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Disney plus Is Hiking Prices Starting Tomorrow

Disney plus Is Hiking Prices Starting Tomorrow

Disney Plus is raising its price by $1 to an $8-a-month subscription in the US starting Friday, with its annual subscription going up $10, to $80 a year. And Disney’s discounted bundle that packages Disney Plus, Hulu and ESPN Plus together will also go up by $1 in the US: People with the bundle that includes ad-supported Hulu will see their bills rise to $14 a month, and those with the newer bundle that includes ad-free Hulu will start paying $20.

The price hikes, announced in December, will begin showing up for existing subscribers in their first bill on or after Friday. They also apply to Disney Plus globally, not just in the US. The increases in other countries are roughly on par with those in the US, only in local currencies. For example, in continental Europe, prices are going up by two euros to nine euros a month.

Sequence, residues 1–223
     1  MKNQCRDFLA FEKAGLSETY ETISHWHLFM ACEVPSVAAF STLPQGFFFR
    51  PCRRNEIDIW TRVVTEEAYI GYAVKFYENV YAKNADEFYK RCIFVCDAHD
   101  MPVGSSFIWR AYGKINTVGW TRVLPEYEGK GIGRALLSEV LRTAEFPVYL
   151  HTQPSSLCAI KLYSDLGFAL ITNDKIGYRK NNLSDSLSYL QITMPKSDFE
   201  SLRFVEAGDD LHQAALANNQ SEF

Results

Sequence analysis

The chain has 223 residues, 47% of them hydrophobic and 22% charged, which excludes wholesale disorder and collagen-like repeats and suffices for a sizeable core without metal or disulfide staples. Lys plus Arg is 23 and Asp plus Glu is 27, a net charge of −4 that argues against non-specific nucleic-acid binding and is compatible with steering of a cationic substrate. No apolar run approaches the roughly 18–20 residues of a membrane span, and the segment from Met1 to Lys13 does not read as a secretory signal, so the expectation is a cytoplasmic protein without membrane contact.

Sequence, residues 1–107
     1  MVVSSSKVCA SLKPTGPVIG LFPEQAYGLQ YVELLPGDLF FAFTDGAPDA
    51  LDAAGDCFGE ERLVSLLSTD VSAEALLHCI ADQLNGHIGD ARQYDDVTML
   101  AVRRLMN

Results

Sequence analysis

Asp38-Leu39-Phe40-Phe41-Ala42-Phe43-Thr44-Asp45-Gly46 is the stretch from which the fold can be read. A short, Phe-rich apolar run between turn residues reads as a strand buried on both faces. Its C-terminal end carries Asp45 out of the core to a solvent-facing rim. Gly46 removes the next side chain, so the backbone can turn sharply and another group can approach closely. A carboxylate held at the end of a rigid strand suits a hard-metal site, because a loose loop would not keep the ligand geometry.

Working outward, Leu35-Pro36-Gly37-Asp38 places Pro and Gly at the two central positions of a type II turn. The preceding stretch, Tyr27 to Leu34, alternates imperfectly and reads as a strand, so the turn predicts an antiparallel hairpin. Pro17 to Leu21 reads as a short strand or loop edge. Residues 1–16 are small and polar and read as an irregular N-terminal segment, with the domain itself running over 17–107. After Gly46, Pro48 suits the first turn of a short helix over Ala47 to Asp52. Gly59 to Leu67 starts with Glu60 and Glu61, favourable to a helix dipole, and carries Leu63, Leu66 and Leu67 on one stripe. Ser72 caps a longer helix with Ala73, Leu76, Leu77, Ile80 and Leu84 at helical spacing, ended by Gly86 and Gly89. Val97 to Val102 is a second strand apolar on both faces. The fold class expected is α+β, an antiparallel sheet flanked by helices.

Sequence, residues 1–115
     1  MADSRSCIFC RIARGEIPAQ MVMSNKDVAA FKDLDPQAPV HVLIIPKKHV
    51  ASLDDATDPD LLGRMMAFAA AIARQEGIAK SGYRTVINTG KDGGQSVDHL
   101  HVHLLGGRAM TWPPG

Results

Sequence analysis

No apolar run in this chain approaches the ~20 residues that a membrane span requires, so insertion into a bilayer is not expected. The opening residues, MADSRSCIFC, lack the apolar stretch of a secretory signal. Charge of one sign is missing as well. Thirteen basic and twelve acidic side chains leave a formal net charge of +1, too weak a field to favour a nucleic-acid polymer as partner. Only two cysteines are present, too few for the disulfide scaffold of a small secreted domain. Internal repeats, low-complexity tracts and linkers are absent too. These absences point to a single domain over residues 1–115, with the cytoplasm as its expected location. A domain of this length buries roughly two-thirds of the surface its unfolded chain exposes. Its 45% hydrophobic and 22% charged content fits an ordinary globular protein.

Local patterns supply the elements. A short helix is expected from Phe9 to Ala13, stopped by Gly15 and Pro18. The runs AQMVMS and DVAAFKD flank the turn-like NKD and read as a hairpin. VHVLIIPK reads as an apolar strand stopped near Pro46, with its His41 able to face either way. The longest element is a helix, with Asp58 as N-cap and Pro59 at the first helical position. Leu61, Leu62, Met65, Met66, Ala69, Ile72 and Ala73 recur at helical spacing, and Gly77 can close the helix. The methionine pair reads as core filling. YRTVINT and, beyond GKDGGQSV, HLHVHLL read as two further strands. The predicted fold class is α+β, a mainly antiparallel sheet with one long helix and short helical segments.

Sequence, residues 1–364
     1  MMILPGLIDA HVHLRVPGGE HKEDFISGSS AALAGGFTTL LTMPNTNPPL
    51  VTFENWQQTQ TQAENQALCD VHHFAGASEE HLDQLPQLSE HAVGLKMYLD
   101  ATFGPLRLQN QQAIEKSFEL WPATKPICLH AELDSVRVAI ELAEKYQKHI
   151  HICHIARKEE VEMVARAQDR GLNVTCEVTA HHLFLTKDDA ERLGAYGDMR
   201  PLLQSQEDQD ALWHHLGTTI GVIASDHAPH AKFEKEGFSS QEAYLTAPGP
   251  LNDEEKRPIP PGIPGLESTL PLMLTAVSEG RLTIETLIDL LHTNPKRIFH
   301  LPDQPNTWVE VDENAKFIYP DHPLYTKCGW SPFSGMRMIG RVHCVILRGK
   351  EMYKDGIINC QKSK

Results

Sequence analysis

So, if you’re not a Disney Plus subscriber yet, and you want to lock in an annual subscription that’s $10 cheaper than it’ll be tomorrow, today’s the day to sign up. (The Disney Plus/Hulu/ESPN Plus bundle doesn’t offer annual plans.) If you sign up today for a month-to-month membership to either Disney Plus or the bundle, you’ll save a buck for one month of service, but the higher rates will kick in for your next billing cycle.

“These price increases reflect an increase in the underlying value of the Disney Plus product offering,” Disney Chief Financial Officer Christine McCarthy said in December when the company announced the plan.

By comparison, Netflix’s most popular plan costs $14 a month, after the streaming giant raised its own prices earlier this year. Netflix’s cheapest tier is $9, and its premium package — which unlocks perks like 4K resolution, HDR image quality and the ability to stream on four devices at the same time (benefits that Disney Plus offers standard) — costs $18 a month.

The pricing flex comes as Disney Plus has proved to be the standout success of the so-called streaming wars, a period over the last year and a half when seemingly every major media company (and some tech ones) rolled out their own streaming services to take on the likes of Netflix. Disney Plus has signed up more than 100 million subscribers, far outracing all the new competitors from Apple, HBO, NBCUniversal, Discovery, ViacomCBS and others. One media analyst called Disney Plus “one of the greatest product launches of all time.”

Disney Plus’ solid footing also spurred the company to remove its seven-day free trials for new members, as of last June.